Recognizing and Preventing RSV in Children
If you have young children, then you have certainly seen your fair share of runny noses and sniffles. In most cases, symptoms come and go. In instances where respiratory syncytial virus (RSV)—and not a common cold virus—is at work, things can get serious rather quickly.
In fact, among children under 5 years of age, RSV accounts for roughly 2.1 million outpatient visits, 58,000-80,000 hospitalizations, and 100-300 deaths in the United States each year.
The challenge with RSV is that it often mimics a bad cold in toddlers and children. However, unlike a cold, RSV attacks the tiny airways of the lower respiratory system. The resulting inflammation and mucous production can make it difficult for infants and young children to breathe.
So how do you tell if it’s RSV or just a cold? Unfortunately, RSV can only be diagnosed by a clinical lab test. Common symptoms that may point to RSV include: runny nose, decrease in appetite, coughing, sneezing, fever, and wheezing.
Symptoms usually appear in stages over the course of five to ten days. In some cases, coughing may persist for several weeks. In the case of infants, the only symptoms may be irritability, decreased activity, and breathing difficulties.
Symptoms that should raise a red flag for caregivers include:
Breathing difficulties: Breathing faster than usual, using extra muscles to breathe, and flaring nostrils are all signs that a child is struggling for oxygen. If you see these symptoms, take your child directly to the emergency room.
Signs of dehydration: If your child has fewer than one wet diaper every eight hours, cries without producing tears, appears irritable, or the soft spot on their head (the fontanelle) is depressed or sunken, they are suffering from dehydration. If your child displays any of these symptoms, contact their doctor for advice.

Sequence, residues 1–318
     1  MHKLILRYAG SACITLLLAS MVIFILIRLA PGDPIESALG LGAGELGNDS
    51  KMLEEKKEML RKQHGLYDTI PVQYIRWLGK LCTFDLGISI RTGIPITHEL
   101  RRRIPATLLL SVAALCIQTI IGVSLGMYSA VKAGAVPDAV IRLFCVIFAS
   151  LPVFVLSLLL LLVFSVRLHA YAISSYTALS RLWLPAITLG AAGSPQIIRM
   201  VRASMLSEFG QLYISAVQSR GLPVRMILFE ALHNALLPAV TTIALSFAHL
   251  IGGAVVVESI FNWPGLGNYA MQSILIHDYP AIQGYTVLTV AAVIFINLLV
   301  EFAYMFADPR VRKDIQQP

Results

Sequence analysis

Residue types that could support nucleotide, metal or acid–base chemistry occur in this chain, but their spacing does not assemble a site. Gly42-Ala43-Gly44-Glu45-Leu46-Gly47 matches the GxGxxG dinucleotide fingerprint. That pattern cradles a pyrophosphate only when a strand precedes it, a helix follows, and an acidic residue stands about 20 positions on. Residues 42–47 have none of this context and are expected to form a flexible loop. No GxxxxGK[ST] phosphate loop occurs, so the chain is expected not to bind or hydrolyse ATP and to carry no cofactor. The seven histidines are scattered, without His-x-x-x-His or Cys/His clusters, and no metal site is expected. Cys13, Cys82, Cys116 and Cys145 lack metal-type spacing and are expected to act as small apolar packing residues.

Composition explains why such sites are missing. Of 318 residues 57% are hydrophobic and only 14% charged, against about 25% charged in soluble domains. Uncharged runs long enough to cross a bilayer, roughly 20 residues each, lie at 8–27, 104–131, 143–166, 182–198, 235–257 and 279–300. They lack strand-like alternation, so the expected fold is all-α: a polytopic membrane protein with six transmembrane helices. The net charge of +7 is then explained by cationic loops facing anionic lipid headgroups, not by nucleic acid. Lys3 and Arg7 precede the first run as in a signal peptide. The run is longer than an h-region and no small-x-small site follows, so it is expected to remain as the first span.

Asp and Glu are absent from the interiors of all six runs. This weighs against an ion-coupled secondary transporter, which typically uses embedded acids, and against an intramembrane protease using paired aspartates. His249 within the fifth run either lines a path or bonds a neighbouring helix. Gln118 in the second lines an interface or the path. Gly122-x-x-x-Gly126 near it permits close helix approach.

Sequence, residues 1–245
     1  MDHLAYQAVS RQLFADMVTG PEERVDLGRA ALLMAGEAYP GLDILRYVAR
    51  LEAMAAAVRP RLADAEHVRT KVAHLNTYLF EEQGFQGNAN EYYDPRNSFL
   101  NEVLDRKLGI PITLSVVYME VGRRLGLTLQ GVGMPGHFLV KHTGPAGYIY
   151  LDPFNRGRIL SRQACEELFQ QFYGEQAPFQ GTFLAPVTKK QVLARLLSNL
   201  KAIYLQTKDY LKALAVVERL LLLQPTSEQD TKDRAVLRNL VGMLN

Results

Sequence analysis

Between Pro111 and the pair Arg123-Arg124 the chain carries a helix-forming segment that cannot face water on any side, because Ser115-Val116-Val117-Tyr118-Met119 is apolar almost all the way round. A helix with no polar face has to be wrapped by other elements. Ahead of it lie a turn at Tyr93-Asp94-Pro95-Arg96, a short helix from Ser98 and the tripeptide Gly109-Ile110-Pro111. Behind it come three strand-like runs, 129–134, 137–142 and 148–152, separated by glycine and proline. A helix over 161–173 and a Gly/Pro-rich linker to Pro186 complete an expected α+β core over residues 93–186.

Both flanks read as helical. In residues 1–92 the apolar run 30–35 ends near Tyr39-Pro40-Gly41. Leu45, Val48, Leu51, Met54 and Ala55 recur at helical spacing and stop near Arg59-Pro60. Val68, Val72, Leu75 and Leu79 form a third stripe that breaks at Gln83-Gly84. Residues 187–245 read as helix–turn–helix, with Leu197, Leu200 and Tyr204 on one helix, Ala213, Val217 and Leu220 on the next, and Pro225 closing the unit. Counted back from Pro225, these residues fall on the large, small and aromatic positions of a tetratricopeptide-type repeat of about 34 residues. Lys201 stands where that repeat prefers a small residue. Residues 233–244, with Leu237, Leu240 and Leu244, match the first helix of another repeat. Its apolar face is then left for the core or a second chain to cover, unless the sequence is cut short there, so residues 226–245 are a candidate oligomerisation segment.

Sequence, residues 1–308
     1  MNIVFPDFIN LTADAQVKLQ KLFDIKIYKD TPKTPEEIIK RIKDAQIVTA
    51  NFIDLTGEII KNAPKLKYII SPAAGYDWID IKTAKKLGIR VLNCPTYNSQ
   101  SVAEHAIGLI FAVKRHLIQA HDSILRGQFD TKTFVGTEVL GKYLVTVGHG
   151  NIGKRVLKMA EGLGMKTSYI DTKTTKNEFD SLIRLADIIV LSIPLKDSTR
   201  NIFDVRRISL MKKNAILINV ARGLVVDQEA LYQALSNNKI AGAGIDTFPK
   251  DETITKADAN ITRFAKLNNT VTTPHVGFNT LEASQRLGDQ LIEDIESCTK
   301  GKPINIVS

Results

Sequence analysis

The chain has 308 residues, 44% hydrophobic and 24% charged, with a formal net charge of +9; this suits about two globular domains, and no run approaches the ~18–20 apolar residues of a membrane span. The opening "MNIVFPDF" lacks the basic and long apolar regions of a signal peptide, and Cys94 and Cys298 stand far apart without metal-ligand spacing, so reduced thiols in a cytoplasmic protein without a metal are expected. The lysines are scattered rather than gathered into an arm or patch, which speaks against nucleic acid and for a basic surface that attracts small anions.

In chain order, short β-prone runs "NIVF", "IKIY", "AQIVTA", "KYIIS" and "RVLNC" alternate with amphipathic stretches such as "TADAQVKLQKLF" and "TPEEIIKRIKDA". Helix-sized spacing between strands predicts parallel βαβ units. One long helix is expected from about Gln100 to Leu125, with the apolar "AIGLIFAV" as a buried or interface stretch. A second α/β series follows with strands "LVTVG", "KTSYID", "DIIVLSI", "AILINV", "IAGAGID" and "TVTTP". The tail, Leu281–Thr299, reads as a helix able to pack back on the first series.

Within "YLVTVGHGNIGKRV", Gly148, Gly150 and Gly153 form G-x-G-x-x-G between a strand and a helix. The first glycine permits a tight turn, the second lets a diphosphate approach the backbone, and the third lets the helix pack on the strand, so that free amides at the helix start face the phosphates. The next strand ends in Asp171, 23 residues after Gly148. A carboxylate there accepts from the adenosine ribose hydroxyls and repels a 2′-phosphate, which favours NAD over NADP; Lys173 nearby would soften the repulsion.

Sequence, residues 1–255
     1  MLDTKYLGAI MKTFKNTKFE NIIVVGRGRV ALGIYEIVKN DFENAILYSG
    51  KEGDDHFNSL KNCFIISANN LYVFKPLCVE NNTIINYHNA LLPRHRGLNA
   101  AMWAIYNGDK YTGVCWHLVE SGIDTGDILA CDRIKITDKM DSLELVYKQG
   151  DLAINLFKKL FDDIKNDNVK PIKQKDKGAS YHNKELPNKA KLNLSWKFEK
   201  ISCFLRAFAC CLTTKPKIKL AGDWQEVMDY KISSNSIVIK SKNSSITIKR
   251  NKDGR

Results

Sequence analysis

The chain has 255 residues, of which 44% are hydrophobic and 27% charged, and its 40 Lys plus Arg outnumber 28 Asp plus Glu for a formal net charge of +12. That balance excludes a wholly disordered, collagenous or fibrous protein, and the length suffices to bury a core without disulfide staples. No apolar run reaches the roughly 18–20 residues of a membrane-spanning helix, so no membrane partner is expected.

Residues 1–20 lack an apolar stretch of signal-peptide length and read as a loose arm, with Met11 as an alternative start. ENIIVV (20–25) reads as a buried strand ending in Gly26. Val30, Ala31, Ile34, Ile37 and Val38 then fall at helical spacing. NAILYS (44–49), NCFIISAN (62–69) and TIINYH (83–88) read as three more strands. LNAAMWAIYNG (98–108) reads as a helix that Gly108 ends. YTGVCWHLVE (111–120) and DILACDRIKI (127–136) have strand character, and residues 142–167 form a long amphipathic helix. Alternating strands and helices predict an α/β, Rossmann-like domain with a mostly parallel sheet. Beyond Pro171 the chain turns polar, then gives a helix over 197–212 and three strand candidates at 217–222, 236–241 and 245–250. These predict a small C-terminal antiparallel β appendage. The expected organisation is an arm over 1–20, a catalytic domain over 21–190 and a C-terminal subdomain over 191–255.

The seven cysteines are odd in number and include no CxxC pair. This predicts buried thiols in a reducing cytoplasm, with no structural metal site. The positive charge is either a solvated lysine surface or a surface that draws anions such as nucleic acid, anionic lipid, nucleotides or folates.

Not eating: In infants and small children, RSV can cause severe congestion and makes it difficult to eat. In the case of infants, shorter than usual feedings and/or a lack of wet diapers is a good indicator that your child is not getting adequate nutrition. If you’re concerned your child isn’t getting enough nourishment, contact their doctor for advice.
Gray or blue color to tongue, lips, or skin: Any bluish or grey discoloration of the skin suggests a child is not getting enough oxygen. If you notice any discoloration, head straight to the emergency room.
Because infants are at a greater risk of severe RSV, caregivers are encouraged to have their child vaccinated against the virus. While relatively new, the vaccine nirsevimab (sold as Beyfortus) is endorsed by the Centers for Disease Control and Prevention (CDC), the Food and Drug Administration, and the American Academy of Pediatrics. Currently, the CDC recommends vaccines for babies up to 8 months old who were born during or entering their first respiratory syncytial virus season (early fall), as well as for infants between 8 and 19 months who are at increased risk of severe RSV disease.
NOTE: SVMC will offer the RSV vaccine as soon as it becomes widely available. For updates on availability, contact your pediatrician’s office or look for news in a future issue of the Weekly Wellness Update.
RSV tends to emerge between October and May with the bulk of infections happening in January and February. If you have questions about RSV or the vaccine, speak to your child’s doctor.
Meghan Gunn, MD, FAAP is the Medical Director of SVMC Pediatrics.